The stick also served other purposes such as holding up one end of a tarp, converting my backpack into a recliner, etc.

  6. I still can't believe that part of hiking may mean going through water waist high and you have to continue on while wet. I assume that is more fun than it sounds.

  7. Holly stick are definitely unique. I have yet to see one but I have heard about one... now.

    One of my favorite uses for the old walking stick is when you are bushwacking after a rainstorm. I use it to tap off the excess moisture from low hanging tree limbs and bushes before brushing past.

    My dream has always been to do the Continental Divide Trail.

  8. Wow, that stick was like a walking journal of your travels. Sorry you couldn't retrieve it. Maybe someone else picked it up and walked on. here from Michele's.

  9. Murf, it's the adventure of it all, for often the water is near freezing. I have also been through canyons where I had to swim since the water was so high.

    Ed, The Continential Divide is supposedly the toughest of the "big three." I have a friend from UT who is doing it in chunks. The holly that I used was from the SE swamps, it grows like a tree and has a straight trunk. I'm not sure of its distribution outside the coast plains.

  10. Wow. Only 4 pounds of M&M's every 10 days. You're my hero!

    Hello from Michele!

  11. Adventure? What a guy thing. :-) While I know there are females that do it, is hiking a predominantly male thing?

  12. There may be a few more men than women who hike, but I wouldn't say it's predominately a male sport. I've hiked with some incrediable women--one I remember smiled all day as we walked through the remenants of a hurricane in the southern Appalachians. Most guys would have been complaining, but she was great fun and her attitude kept me from complaining about the obvious (probably my macho side coming out).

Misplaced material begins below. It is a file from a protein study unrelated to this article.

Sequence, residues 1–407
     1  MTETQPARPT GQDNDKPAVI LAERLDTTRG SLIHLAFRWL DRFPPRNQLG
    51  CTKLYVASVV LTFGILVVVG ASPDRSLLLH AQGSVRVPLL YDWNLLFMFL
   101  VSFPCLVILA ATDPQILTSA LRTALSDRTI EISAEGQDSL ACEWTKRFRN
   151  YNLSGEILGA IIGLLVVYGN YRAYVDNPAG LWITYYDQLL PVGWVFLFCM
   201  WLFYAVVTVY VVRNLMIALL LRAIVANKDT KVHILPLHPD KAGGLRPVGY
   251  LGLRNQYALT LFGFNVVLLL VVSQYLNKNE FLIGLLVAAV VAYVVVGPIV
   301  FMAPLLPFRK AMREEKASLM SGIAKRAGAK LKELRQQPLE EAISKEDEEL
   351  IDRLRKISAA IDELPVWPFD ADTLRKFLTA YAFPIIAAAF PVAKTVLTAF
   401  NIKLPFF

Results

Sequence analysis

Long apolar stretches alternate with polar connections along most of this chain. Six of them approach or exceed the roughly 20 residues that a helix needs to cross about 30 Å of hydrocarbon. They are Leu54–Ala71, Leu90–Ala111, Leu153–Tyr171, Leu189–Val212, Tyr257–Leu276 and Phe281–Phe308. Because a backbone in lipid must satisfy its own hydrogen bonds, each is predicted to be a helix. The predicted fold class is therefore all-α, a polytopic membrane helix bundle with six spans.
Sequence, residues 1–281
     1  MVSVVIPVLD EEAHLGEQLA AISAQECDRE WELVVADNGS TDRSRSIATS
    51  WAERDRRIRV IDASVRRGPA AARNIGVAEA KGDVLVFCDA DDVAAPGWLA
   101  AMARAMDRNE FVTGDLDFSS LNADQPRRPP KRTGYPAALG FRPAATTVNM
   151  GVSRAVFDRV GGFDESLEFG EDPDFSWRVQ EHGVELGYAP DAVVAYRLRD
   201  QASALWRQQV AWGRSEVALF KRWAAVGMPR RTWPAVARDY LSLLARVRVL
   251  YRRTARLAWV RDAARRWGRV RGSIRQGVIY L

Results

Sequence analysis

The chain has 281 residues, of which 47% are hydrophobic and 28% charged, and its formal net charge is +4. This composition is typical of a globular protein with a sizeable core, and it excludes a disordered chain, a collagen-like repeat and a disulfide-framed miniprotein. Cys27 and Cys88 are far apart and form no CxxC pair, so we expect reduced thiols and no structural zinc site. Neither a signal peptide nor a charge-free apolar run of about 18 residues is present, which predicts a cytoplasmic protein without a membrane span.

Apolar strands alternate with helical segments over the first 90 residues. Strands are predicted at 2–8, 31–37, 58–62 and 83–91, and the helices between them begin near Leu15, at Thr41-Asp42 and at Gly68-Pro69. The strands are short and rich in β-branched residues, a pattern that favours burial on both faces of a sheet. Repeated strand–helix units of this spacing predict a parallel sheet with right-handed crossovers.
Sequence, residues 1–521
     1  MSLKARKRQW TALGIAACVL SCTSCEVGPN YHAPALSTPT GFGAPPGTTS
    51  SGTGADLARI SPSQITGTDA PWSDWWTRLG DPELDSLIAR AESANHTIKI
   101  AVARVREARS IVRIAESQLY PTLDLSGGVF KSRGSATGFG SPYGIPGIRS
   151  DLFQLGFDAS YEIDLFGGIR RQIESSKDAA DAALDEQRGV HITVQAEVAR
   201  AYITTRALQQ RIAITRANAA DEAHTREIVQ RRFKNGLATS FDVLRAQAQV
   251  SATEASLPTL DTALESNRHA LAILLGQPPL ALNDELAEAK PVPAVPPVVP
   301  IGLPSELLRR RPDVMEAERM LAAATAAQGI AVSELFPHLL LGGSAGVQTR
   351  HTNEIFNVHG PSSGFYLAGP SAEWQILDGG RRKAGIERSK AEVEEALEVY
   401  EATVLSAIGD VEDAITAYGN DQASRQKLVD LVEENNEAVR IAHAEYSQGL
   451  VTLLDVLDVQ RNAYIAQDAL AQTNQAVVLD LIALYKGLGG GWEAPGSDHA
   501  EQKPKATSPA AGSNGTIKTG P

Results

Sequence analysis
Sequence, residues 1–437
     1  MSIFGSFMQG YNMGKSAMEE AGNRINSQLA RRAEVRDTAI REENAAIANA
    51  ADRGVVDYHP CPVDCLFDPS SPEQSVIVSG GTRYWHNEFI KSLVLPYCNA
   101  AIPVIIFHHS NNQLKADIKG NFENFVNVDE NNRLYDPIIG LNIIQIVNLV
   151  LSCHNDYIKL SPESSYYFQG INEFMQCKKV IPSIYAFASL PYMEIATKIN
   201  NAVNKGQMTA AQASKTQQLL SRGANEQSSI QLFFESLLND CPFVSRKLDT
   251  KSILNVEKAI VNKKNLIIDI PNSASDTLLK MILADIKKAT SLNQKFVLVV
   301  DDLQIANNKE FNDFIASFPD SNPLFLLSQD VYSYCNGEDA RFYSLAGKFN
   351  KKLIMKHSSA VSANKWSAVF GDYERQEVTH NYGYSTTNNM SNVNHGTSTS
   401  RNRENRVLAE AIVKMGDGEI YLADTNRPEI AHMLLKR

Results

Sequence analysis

13. Thanks for that pic...It's the closest I'll ever get to that peak!

  14. What a great journey, Sage. I can't imagine hiking that far.

    My dad had a walking stick he kept with him for years, and used when he went camping. He didn't hike quite so much, but since he was getting older, it kept him steady.

    It was just an old pine branch he found one year that was unusually straight, so he cut it the length he wanted, sanded it down a little to smoothed it out, wrapped a leather strap around the handle end good and tight, and kept that thing with him for probably 20 years. By the time he stopped camping, it was slick as laquer, and he'd put a nice metal cap on the end to stop it from grinding down.

    Have NO idea where it is today, which, after reading your post, is kinda sad.

  15. Great stick, great pic and what a great adventure for you. I really DON'T like to say this but, maybe some day!

  16. Sage, that pic brought back lots of memories. While I have never hiked large portions of the Appalachian Trail. I have hiked to the top of Katahdin a number of times and am always wowed by it each time. Just curious, did you by any chance hike any of Knife's Edge up there?

    And that was a bummer to lose such a walking stick that had been with you through so much.

  17. Tim, I hiked a way out on the knife edge, but didn't go across it. However, I've been on other knife edges since. My only trip to Katadhin was at the end that that hike in 1987.

    Helen and Poopie, the two of you ought to get together and hike.

    Mike, sounds like there are some stories in your father's stick too, even if the stick is just a memory today.

  18. This is very inspiring for me to tackle all the trails in my new home of Britsh Columbia.... I got a sense of balance in your life too from the post... eating 4 pounds of M&Ms is ok as long as one knows they have to balance the indulgence with a good energetic hike... celerating reaching a peak with a drink and a picnic is sooo fun, I cant wait for Spring now!

    Michele sent me...